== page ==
books

Review: Introduction to Computational Physical Chemistry by Joshua Schrier

book cover

Joshua Schrier has taken on a traditionally difficult task, teaching computational chemistry. To do this successfully, the student has to have programming skills, a solid foundation in the theory and background in the methods employed from classical physics to quantum methods. Thus the task is daunting and why so few have taken it on.

Summer Reading/Book Review: Four Laws That Drive The Universe, by Peter Atkins

Book Cover: Four Laws That Drive The Universe, by Dr. Peter Atkins

In a previous blog post, I shared a book Chemistry: A Very Short Introduction, by Dr. Peter Atkins. For my summer reading I wanted to get back to reading some chemistry non-fiction. I did, however, diverge from my original plan to read Eric Scerri's The Periodic Table: It's story and significance. Instead. "Four Laws That Drive the Universe" (with an alternative title of The Laws of Thermodynamics: A Very Short Introduction) became my next book as I so thoroughly enjoyed the writing style of Peter Atkins. The Kindle Version is only $6.15 and worth every penny in my opinion.

The Hindenburg

Teaching the Hindenburg disaster in the chemistry classroom.

I have always been intrigued by the story of the Hindenburg, the iconic airship that caught fire on May 6, 1937. The accident killed 35 of the 100 passengers and crewmembers on board. As a chemistry teacher, I discuss this from a chemical standpoint and the fact that the airship was filled with hydrogen, a flammable gas, rather than helium, a non-flammable gas, as today’s modern airships are.

JCE 93.03 March 2016 Issue Highlights

Journal of Chemical Education March 2016 Cover

​Chemical Information Special Issue 

The March 2016 issue of the Journal of Chemical Education is now available online to subscribers. The entire issue is devoted to topics on various aspects of chemical information and information literacy: chemical education research on information literacy; chemical information literacy for undergraduates; chemical information literacy for graduate students; prototypes and best practices; discovery.

Cool Science...A Reason to go to Plan B...

We all have plans. As teachers we plan every week and worry about time, depth, amount, types of assessment and state mandates. Most importantly, are the kids learning? We give it our best shot. Sometimes, we have to go to plan B.
     

The Martian: Popular Fiction Plus Chemistry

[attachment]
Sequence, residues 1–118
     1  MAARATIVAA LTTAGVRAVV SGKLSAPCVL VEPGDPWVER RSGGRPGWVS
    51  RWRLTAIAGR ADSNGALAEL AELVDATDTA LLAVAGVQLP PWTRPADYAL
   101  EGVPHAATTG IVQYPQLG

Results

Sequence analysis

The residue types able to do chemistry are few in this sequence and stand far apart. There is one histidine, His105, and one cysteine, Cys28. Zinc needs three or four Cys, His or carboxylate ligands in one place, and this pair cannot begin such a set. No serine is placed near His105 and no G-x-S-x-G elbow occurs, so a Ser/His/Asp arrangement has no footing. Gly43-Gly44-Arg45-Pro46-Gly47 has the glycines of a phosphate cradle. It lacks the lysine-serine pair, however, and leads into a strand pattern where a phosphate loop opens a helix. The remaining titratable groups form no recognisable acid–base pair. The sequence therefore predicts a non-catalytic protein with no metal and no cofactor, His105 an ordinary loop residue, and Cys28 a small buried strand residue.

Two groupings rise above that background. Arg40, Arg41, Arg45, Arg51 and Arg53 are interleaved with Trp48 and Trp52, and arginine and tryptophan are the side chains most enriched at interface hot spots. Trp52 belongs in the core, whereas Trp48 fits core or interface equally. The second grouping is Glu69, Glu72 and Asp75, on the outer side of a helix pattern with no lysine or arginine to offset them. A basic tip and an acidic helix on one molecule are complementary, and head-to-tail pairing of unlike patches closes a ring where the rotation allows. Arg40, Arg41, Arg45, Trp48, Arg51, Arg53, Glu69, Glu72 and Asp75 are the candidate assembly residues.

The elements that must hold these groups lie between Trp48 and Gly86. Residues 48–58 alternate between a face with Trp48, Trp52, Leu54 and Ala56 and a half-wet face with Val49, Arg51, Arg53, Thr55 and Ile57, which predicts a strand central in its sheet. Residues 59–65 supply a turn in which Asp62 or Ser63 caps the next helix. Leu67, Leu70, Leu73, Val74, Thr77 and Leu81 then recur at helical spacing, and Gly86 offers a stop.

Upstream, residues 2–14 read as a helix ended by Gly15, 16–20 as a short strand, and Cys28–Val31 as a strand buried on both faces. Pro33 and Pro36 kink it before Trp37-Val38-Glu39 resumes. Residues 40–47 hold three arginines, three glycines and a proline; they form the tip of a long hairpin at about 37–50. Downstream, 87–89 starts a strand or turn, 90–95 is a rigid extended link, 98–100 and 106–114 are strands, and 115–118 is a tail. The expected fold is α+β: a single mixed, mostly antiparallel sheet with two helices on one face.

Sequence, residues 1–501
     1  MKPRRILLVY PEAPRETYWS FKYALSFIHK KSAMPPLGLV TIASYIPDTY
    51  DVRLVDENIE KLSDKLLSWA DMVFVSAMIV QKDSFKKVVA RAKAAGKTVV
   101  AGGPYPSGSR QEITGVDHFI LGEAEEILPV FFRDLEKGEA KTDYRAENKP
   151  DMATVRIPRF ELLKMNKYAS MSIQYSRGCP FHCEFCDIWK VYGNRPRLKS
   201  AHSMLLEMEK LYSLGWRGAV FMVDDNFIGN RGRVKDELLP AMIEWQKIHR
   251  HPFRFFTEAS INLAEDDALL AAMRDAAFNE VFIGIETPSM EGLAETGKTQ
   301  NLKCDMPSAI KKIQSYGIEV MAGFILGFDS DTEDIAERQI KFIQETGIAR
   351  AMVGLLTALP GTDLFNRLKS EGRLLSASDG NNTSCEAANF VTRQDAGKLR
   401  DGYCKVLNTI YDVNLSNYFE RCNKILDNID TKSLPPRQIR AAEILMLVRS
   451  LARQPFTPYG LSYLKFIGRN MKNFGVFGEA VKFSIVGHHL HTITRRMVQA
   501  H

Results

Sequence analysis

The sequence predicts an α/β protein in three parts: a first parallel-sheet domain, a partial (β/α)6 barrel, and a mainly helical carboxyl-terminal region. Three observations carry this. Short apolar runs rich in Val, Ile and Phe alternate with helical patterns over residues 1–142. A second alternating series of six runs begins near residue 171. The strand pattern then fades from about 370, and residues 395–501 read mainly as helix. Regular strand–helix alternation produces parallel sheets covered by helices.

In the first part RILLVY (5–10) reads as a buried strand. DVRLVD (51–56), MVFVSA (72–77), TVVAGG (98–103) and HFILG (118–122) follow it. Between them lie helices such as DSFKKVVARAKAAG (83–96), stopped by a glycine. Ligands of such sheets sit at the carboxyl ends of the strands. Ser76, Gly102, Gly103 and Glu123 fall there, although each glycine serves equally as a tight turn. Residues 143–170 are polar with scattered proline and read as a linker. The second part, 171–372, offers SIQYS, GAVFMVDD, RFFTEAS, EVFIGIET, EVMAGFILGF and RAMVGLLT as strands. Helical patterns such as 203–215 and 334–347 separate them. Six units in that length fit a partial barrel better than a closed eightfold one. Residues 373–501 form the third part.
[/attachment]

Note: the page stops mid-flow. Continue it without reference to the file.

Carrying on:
Martian

“What are you reading?”

This twist on the traditional icebreaker question kicked off a meeting session last summer. I was eager for the conversation to make its way around the table to me. On my plane ride the day before, I’d started The Martian by Andy Weir, and I was hooked.

What are they thinking? Where did they get that idea?

Making Thinking Visible

Have you read “Making Thinking Visible”?  You should. It focuses on making student thinking visible to the teacher. While still learning to use the visible thinking routines, I really feel more conscious of students’ understandings than ever.  

Here is a sample activity that I adapted to fit my honor chemistry students’ needs:

JCE 91.07—July 2014 Issue Highlights

Journal of Chemical Education July 2014 Cover

Passion for and Dedication to Chemistry and Education The July 2014 issue of the Journal of Chemical Education is now available online to subscribers at http://pubs.acs.org/toc/jceda8/91/7. The July issue features a tribute to J. J. Lagowski, green chemistry principles, book recommendations for the summer, organic chemistry in action, computation chemistry experiments, resources for teaching fluorescence spectroscopy.

Reading Non-Fiction Within a Grade 10 Chemistry Class

As chemistry teachers, there are many ways we can relate our subject to the world around us. Linking with an effort to increase literacy at my school, I've started reading a non-fiction book with one of my chemistry classes titled, “The Case of the Frozen Addicts: Working at the Edge of the Mysteries of the Human Brain."

Guidelines On Determining And Reporting Significant Figures In Chemical Measurements

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A measured value has little or no true meaning and thus, it is useless, unless the figures (digits) in that value were deemed to be significant and the significant figures were properly determined and reported. Deciding the appropriate number of significant figures for the reporting of numerical data is not an obvious or easy task.